WWE recently brought Ronda Rousey on board, and the former MMA superstar will make her debut at WrestleMania. Now, WWE is looking to poach another star from the world of traditional sports, but this time it’d be a much bigger surprise.

Rob Gronkowski turns 29 in May, and when healthy, he’s been indisputably one of the most potent weapons in the NFL. A matchup nightmare, he’s helped extend Tom Brady’s career by being, well, gigantic, strong, fast, and possessing great hands. Off the field, though, he’s been, well, Gronk; his favorite number is 69, he loves to dance and party, and last year, he played a surprisingly active role in the Andre the Giant Memorial Battle Royal at WrestleMania.


Now, according to wrestling insider Dave Meltzer’s Wrestling Observer newsletter (transcribed here on Reddit), WWE is targeting Gronk, thinking they can convince him to give up football (and all the attendant long-term health risks) for a career in professional wrestling.

The talk of Gronkowski to WWE started just before the (Super Bowl). There was a report from Pro Football Talk’s Mike Florio that it wouldn’t shock him if Gronkowski retired after the Super Bowl. Then, after the game, when he was asked about the story, he said : “I don’t know how you heard that but I’m definitely going to look at my future for sure. I’m going to sit down the next couple weeks and see where I’m at.”

Gronkowski’s body has taken a lot of punishment, dating back to back surgery in college that led to him being a second round draft choice even though he was considered at the time one of the best athletes in that draft. Gronkowski suffered a concussion in the AFC championship game with Jacksonville but played in the Super Bowl. But he said the concussion was not a factor in how he was thinking. Gronkowski’s contract for next season is for $10 million, provided he meet certain criteria.

And as to how WWE comes in, Meltzer continued:

This comes at the same time that reports from wrestling indicate WWE is willing to offer a similar style deal to Gronkowski that they offered to Ronda Rousey. Given that would be making far less money than he would make in football, it’s hard to say, but he’s been hurt a lot in football and while wrestling full-time is very hard on the body as well, a part-time deal isn’t so bad. Gronkowski obviously likes wrestling, as he’s been at many WWE events when Rawley was there, including in developmental, and of course, was already part of one WrestleMania, which led to Rawley winning the Andre the Giant Battle Royal, and then they did nothing with him afterwards, so it was more a way to get Gronkowski and ESPN and mainstream sports coverage than to get one of their guys over to star level.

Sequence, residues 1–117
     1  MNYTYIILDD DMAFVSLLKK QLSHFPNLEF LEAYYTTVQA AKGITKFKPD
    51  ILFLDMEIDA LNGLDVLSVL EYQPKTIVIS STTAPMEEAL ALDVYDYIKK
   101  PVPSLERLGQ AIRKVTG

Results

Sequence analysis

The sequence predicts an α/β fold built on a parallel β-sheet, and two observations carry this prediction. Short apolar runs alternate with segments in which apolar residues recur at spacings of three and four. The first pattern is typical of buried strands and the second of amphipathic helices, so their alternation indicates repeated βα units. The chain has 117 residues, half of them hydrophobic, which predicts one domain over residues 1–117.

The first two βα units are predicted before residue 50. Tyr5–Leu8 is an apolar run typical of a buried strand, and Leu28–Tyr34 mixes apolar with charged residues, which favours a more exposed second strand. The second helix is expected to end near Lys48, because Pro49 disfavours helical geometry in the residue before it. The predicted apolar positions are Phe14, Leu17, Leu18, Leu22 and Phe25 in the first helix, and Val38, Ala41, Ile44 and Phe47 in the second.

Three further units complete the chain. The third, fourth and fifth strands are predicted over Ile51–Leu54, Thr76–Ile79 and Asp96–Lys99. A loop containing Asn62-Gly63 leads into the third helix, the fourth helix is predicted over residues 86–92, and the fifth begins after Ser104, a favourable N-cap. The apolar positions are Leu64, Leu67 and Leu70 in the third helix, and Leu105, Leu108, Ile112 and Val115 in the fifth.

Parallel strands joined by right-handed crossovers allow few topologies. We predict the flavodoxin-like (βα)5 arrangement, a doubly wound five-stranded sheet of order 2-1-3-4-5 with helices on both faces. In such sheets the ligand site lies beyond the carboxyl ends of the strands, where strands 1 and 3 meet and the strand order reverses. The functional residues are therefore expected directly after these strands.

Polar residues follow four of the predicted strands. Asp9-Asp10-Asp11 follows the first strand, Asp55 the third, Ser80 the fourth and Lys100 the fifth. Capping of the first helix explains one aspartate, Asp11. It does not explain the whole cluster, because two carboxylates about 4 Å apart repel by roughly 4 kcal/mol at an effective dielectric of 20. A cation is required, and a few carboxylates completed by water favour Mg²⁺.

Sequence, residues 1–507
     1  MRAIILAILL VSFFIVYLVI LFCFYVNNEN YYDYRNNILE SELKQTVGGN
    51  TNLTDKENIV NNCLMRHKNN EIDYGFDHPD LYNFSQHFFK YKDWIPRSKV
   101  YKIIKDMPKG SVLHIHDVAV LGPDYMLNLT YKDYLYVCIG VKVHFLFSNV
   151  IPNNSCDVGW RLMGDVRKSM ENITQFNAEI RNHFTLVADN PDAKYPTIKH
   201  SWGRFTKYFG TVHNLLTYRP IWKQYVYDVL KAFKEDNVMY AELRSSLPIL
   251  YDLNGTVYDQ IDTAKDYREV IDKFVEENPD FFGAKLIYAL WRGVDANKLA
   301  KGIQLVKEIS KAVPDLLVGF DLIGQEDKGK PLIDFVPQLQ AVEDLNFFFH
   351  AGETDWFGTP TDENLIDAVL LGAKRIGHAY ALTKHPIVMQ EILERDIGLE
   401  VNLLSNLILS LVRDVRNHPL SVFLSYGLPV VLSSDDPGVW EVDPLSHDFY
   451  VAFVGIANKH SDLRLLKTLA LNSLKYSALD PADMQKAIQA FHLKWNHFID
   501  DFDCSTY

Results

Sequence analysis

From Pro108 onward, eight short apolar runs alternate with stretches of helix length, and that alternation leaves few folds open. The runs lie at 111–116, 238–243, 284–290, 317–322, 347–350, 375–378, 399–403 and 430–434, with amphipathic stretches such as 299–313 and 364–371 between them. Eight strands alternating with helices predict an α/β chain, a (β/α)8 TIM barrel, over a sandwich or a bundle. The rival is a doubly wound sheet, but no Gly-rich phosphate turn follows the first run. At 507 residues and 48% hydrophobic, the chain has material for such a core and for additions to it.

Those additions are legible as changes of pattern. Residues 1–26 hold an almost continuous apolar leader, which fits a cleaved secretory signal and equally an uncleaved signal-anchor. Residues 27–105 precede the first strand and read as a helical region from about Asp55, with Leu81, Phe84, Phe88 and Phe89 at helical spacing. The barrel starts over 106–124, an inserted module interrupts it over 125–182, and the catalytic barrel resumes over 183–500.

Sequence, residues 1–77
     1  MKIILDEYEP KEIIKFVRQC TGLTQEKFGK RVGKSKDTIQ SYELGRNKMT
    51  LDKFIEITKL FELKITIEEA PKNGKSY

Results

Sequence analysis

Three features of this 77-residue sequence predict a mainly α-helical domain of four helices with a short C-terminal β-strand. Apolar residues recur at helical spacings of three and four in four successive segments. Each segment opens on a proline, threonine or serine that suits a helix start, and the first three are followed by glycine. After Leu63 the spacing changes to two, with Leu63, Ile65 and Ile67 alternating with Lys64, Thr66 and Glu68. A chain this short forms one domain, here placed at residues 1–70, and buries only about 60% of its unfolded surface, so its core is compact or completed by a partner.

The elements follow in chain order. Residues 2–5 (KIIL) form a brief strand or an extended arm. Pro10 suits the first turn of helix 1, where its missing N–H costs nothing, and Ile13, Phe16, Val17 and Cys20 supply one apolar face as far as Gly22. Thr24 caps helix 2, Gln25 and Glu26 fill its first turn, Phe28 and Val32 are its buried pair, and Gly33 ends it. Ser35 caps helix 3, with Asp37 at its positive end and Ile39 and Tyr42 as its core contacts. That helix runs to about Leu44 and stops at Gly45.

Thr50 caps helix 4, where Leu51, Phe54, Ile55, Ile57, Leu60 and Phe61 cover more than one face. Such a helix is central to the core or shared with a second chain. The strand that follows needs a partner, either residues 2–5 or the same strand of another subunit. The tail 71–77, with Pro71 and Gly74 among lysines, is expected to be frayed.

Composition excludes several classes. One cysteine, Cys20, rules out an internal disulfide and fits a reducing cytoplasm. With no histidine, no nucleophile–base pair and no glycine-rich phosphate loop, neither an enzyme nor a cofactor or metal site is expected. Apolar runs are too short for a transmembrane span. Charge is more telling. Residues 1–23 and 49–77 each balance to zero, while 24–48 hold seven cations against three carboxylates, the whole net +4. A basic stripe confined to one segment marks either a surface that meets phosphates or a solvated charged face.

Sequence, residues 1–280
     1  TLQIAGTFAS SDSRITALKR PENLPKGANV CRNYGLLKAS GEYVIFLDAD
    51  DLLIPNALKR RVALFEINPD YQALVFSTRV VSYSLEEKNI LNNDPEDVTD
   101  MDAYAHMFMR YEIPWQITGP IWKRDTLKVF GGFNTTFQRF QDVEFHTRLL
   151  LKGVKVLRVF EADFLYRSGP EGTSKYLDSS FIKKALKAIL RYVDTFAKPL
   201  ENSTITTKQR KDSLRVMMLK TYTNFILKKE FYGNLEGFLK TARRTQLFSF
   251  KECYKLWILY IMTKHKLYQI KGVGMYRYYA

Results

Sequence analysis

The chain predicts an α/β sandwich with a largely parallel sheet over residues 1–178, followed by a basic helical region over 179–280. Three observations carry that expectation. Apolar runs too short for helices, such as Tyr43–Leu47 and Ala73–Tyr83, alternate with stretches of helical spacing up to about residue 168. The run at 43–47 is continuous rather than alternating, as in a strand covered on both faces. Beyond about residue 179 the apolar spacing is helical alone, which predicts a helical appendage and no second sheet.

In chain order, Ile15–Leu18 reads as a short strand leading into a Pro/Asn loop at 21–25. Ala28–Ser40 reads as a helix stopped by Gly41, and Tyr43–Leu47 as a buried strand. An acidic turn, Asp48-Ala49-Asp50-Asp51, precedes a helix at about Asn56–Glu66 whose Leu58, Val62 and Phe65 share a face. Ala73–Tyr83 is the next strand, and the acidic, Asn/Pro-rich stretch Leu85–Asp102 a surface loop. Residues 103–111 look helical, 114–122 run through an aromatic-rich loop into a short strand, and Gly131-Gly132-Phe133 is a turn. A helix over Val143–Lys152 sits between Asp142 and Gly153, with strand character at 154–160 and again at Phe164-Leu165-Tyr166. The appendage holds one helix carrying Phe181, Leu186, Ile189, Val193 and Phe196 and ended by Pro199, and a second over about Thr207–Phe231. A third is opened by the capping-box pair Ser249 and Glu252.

Mojo Rawley, who is one of Gronkowski’s best friends, led to more speculation in recent days when he told TMZ, “Are you kidding? It’s not a matter of if, it’s a matter of when, come on now. That was clearly done as a promo, and he quickly backtracked saying, “I don’t know. I can’t speak for him. Whatever he wants to do””.

It’s almost shocking to pause for a moment and realize that we’re now at a point where someone can reasonably suggest that between the NFL and professional wrestling, wrestling is the better bet for a longer, healthier life.

While it would certainly be a fascinating turn of events if Gronk did indeed abandon football in his prime, and doubly fascinating if he absconded for WWE, this entire debate hinges on one fairly outlandish idea: Gronk planning his life out more than a few weeks in advance.

It just strains credulity.


About Jay Rigdon

Jay is a columnist at Awful Announcing. He is not a strong swimmer. He is probably talking to a dog in a silly voice at this very moment.